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Show-Me: The Real Story Behind That Label


As you probably already well know, we live in the Show Me State. That nickname has been an inspiration for businesses and names all over Missouri. There’s Sho-me-power, the electric co-op, here locally. Then there’s the Show-me-center, Southeast Missouri State University’s arena, several hours east of us. Still plenty more examples abide. It is such a part of our consciousness and lingo that it just flows off the tongue. But how did it get to be that way? What is the history behind the coining of this phrase?

Well, there are several different versions of that account. According to one, it was from U.S. Congressman Willard Duncan Vandiver, at a speech he gave at a Naval banquet in 1899, in Philadelphia. He told his audience, "I come from a state that raises corn and cotton and cockleburs and Democrats, and frothy eloquence neither convinces nor satisfies me. I am from Missouri. You have got to show me." We do not know for sure that this was the first use of the term, however, but even if it wasn’t the invention of it, it probably popularized the saying.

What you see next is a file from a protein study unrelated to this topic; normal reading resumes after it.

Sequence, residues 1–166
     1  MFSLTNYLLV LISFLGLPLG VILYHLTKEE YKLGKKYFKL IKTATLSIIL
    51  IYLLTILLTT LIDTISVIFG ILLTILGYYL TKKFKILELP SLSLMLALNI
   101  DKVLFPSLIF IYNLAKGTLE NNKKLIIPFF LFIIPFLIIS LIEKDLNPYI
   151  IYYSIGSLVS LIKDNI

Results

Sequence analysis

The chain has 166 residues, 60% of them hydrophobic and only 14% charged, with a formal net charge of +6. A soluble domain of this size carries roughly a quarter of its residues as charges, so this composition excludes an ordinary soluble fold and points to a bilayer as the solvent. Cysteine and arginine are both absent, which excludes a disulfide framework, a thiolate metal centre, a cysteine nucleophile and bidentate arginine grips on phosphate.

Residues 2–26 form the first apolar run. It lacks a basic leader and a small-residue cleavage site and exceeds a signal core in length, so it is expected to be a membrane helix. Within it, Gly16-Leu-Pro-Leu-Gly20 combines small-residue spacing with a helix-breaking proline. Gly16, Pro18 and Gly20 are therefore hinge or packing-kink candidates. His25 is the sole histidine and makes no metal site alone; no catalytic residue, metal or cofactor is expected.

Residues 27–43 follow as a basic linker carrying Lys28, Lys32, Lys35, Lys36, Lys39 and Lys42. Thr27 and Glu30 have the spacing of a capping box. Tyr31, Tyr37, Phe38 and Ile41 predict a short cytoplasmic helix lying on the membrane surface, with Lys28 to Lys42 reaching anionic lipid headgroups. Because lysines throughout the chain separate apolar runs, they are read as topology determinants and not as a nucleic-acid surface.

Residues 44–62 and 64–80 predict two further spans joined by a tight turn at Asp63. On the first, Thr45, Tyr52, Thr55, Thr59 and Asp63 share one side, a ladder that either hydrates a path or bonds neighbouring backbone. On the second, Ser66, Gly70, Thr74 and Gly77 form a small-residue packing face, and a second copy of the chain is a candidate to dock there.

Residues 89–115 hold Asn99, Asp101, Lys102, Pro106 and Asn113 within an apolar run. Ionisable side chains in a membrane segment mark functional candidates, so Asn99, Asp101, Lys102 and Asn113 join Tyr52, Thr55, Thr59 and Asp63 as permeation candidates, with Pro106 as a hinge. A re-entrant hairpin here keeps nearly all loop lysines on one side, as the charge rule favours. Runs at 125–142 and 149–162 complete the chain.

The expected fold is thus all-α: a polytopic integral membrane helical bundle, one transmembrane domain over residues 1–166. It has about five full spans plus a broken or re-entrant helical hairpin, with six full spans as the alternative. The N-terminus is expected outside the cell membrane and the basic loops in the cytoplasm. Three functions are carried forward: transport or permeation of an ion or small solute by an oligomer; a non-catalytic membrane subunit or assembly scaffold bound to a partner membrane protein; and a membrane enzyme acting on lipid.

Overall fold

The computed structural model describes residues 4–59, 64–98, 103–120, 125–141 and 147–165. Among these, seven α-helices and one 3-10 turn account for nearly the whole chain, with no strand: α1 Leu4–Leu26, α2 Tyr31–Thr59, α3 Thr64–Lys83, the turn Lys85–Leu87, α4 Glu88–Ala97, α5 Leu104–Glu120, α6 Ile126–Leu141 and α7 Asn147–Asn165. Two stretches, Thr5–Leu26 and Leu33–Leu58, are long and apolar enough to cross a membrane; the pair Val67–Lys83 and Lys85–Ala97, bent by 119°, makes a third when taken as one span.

Another anecdote claims that it’s from the mid-1890s, when Joplin, Missourians traveled up to Colorado to work in a mine, to take the place of striking Colorado employees. The Missourians, of course, weren’t familiar with the specific mining techniques used there, since they were new to the job. The bosses commented on the Missourians, perhaps not so kindly, "That man is from Missouri. You'll have to show him."

No matter the start of this affectionate moniker, it has certainly had staying power. Nowadays, it has come to symbolize our less than gullible nature, as the matter-of-fact, pragmatic manner that many Missourians embody. Whatever the reason, it is one thing that makes us distinctive as a state, and is a heritage to be proud of, as Missourians.


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